12/3/15 Funhouse Comedy in Southwell: I wasn’t expecting to be here, as I was up for going to Melton for a night, but as I’d only seen Big JP and PD last week, I went here. Compere was Spikey Mike, who is competent and knows when to finish chatting to people and let the acts on, unlike some comperes (Johnny Vegas, yes I’m looking at you). First act was Mike Bubbins, who was very good, with a wide range of material covering a lot of ground quickly. He didn’t… spend 10 minutes on one area and so it seemed to move fast. He has a strong Welsh accent which I found challenging, but it isn’t any real impediment in playing the North. He kept the room in his grip. After the intermission, it was two ten spots. Sunil Patel with a smooth and well practiced set that was well thought out and worked well. Jon Wagstaffe followed. He is a high energy act, who would make a good opener to get the room going. He is very, very fast with his material and delivery and in those 10 minutes, probably did 20 minutes of material for most comics. However, he does suffer a drawback in adding volume and speed to his routine for a greater impact. I think 20 minutes of being shouted at may be a bit much for a few people. The closer was Joe Lycett who reminded me of a young Frankie Howerd, both in style and also very much in ability. He totally smashed the gig. Within 30 seconds of saying hello, he had the room with him and was getting big laughs for everything. Nothing fell flat, even the improv with a chap nipping to the loo. I’m not sure how he’d play in a Miners’ Welfare, as I feel the crowd may not give him a chance to shine, but tonight he had a triumph.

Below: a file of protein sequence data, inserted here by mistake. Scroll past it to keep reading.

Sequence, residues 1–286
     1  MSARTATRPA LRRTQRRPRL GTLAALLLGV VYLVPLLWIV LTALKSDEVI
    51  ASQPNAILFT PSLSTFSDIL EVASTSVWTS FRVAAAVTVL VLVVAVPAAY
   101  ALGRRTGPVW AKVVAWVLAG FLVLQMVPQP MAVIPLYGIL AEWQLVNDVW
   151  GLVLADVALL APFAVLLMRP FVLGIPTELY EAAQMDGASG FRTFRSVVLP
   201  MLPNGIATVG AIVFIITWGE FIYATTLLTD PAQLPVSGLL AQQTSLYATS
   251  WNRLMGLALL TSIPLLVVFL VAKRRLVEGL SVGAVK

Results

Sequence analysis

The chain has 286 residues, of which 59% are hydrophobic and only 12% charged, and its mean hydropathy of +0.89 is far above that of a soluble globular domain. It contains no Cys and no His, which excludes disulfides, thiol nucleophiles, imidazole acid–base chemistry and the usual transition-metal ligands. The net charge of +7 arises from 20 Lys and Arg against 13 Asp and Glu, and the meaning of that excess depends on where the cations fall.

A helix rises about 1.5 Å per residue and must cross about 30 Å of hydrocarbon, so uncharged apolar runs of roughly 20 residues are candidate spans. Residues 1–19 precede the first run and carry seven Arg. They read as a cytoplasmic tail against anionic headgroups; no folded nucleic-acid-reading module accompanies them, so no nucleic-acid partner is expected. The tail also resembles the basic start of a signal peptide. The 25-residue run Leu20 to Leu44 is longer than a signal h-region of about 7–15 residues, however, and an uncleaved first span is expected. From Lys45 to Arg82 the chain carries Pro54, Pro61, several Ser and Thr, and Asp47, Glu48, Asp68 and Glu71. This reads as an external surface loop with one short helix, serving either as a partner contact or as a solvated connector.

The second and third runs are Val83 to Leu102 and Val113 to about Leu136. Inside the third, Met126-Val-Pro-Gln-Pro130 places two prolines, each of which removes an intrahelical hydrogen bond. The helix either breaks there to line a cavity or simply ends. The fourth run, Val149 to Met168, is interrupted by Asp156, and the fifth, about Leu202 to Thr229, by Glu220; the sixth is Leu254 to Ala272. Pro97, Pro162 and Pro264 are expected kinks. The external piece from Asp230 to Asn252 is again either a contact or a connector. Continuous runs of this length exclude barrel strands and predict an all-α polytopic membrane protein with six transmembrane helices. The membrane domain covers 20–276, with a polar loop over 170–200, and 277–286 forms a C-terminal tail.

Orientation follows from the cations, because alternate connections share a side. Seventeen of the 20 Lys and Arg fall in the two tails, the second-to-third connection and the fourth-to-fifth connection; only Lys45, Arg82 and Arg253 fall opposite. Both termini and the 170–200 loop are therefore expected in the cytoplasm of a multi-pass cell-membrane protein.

11/3/15 NCF £1 new talent/new material night. This is one of my favourite shows and in some respects, beats seeing big names in an arena. Tonight wasn’t the best I’ve seen it, although it was nice to see it sell out again. There wasn’t a lot of energy in the room, which may be down to the compere, as although he was competent, he was quite laconic in style. Josh Pugh was first act and delivered puns, but unfortunately the set up was a bit too long for the actua…l pun delivered – this will improve with experience. Matt Hollins was trying new material, but a lot of it didn’t seem to work out and that is part and parcel of a new material night. The next chap was Owen Morris who did a clever set, which should have gotten a bigger response than it did, but which the somewhat flat atmosphere is to blame for. A newcomer was next, a girl called Maz. She spoke about a lot of personal biographical stuff very quickly and at times it felt like a self-help group. Stu Woodings closed the middle section and he was more confident and polished than many. He had a good routine that hung together well and again didn’t seem to get the laughs it deserved. Dave Bryan opened the final section. He’s a Cockney with a good delivery, but needs more original material. Jokes about premature ejaculation being touch and go have been old hat for a while, same as being caught peeing in a swimming pool – whilst on the diving board (most famously used in Only Fools and Horses). Pete Phillipson closed and is a very talented mimic, which helped his act. He also ended on a good strong joke. The most interesting act to me, though, was the penultimate one – Jack Boyles. I’ve seen him three times and will admit the first two times he didn’t make a huge impression. However, tonight he was doing some new material which worked extremely well and he was getting laughs, which started out small, then became bigger and he was building up a head of steam. However, he then received an unwarranted heckle, which spoilt his momentum and which I hope he doesn’t take to heart. I thought him much improved, but I would ask whether his extremely downbeat/depressing persona is hurting his comedy, rather than helping it.